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Don’t Bother Me! I’m Too Busy to Grow the Firm

Why focus energy and resources on growing your business when it seems to be expanding nicely on its own these days?! The question is much more than rhetorical; it has strong practical implications. Practice growth specialists like me speak at conferences and in private to our clients, making the case for ongoing, strategic planning to manage growth in all business environments. It’s not that we’re trying to create a market for our services. Rather, it’s because we know that fat years ultimately turn lean and practices that made smart decisions during the boom are the ones that ultimately survive.

You can never afford to be too busy to concentrate on methodical, thoughtful, focused growth. It’s the way you will remain fresh in your service offerings, responsive to evolving needs and certain that the clients you have are the clients you want. Without the discipline that comes from strategic growth planning, it’s hard to see the relative merit in one client or undertaking over another. Similarly, when piles of work land on your doorstep, a strategic growth plan is the filter through which you assess opportunities. “OK,” the thinking might go. “We’ve got eight opportunities here. Do we land all eight, or perhaps focus on four because they look most like where we are headed?” The plan helps justify your decision-making.

Prioritizing Opportunities 

Like many practices, yours has probably benefited from Sarbanes-Oxley fallout, with large pieces of business formerly tightly controlled by the Big Four now in play. As a result, you may be juggling more business opportunities than ever before. If you and your colleagues are scrambling to land the work without much of a plan, your sense of “busy-ness” may result from the fact that you aren’t prioritizing your marketplace opportunities.

Perhaps you’re also caught in the old paradigm that quality work, coupled with regular lunches with bankers or lawyers is enough to get the higher-quality clients. In fact, you need a coordinated approach led by a small but dedicated group within your firm that knows where the practice is headed and what kinds of clients will get you there. Especially in a market like this one, it’s tempting to pursue anything, or too many things. But this is the time you can afford to be more strategic and selective. If your firm has established that its niche is rural health-care providers, chasing business in completely unrelated industries may make you busier, but will not get you closer to your vision. What’s more, a strategic approach means you will never be too busy to pursue a rural hospital, because it is what your plan directs.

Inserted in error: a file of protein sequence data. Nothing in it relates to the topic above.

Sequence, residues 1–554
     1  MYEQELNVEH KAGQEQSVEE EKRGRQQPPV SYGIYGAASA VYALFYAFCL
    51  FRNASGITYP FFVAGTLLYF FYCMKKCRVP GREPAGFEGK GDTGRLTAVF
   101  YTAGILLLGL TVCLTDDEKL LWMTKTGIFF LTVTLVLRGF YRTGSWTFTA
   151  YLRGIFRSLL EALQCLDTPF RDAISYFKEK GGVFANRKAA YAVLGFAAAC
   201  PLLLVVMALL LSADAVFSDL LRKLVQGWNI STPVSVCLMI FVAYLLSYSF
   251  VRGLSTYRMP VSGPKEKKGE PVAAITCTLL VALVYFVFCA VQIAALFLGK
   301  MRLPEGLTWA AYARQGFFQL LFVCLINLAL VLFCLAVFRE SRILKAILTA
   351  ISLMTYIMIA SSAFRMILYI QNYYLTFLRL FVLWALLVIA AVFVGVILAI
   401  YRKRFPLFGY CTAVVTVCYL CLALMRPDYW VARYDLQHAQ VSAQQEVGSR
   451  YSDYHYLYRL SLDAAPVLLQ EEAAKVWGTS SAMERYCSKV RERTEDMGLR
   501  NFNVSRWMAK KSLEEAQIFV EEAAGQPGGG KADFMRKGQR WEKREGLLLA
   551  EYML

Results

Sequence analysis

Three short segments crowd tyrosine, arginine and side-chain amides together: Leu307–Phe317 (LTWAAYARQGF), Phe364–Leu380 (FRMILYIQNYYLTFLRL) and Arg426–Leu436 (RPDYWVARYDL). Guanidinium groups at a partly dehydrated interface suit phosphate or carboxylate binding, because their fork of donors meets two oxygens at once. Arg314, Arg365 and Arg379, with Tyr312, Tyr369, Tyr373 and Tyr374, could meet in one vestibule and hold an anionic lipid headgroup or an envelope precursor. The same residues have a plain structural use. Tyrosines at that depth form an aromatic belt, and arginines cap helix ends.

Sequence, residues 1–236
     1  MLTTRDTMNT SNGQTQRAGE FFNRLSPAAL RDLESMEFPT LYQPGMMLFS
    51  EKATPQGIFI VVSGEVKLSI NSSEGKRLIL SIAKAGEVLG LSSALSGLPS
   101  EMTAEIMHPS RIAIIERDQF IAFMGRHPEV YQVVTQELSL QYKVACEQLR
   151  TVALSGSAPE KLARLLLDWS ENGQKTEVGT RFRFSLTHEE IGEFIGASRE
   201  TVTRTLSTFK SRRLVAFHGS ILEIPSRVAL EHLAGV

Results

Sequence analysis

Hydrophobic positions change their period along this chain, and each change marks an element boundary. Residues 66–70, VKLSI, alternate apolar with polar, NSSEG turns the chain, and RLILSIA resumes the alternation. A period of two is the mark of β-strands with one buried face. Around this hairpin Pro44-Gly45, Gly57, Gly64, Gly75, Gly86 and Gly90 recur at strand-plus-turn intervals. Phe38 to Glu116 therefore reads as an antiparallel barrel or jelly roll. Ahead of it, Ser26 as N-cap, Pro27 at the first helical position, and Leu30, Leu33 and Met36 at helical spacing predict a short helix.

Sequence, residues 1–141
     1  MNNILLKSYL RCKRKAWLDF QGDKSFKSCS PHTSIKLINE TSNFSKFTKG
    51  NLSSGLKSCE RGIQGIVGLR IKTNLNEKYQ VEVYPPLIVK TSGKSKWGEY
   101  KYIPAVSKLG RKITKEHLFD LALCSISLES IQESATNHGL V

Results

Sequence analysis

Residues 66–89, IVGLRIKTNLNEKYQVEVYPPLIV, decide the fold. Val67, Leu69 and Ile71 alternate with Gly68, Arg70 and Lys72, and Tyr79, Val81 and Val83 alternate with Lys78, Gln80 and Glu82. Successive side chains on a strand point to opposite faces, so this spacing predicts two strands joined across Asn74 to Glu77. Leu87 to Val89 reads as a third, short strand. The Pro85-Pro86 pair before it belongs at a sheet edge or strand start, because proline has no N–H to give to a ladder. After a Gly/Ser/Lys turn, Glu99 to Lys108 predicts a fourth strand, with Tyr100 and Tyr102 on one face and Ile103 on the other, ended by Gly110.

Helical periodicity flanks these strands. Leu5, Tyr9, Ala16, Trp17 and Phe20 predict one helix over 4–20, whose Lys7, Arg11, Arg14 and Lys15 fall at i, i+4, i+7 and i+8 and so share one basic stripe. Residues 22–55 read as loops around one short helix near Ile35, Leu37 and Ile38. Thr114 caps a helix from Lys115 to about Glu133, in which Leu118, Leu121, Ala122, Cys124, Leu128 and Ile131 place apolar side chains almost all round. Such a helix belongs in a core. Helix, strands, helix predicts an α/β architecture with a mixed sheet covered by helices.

Make sure the human and capital resources you need to pursue that plan are in place. I’m seeing far too few firms investing in the talents of skilled human resources recruiting professionals. These people are experts in solving skill-shortage dilemmas in markets like the current ones. Seriously consider focusing more of your marketing on supporting those recruiting efforts.

Become a Resource

Some of you spend inefficient time going after business. Rather than devote endless hours to personal business development by you or other high-value members of the practice, spend time establishing a robust relationship with other CPA firms that understand what you do and how you can benefit their clients. If done properly, this can result in a steady stream of potential opportunities. The strategy is powerful, and is consistent with where our profession is headed – a multi-provider environment.

Planning for Every Future

Planning for the future should not mean planning for a time that precisely resembles the current one. That would be too easy. Rather, your job is to anticipate a market that is different – for example, more constrained, less robust and generally harder to maneuver in. Anticipate what may lay ahead – executive tax services, ongoing 404 compliance tune-ups, forensic services, specialized audit services – all look promising. There are others which will fit the profile of your specific client base.

If you’re too busy to follow the tenets of practice growth management today, you may find that the client base you end up with at the end of flush times is not the one you want.

Here are some techniques:

  • Establish your firm’s desired segments (service lines and industry niches) and remain focused on business that leads there.
  • Use a pipeline and pipeline review to prioritize and drive your preferred opportunities.
  • Consider hiring a business developer.
  • Develop alliances with other CPA firms.
  • Anticipate the future and keep your antennae up!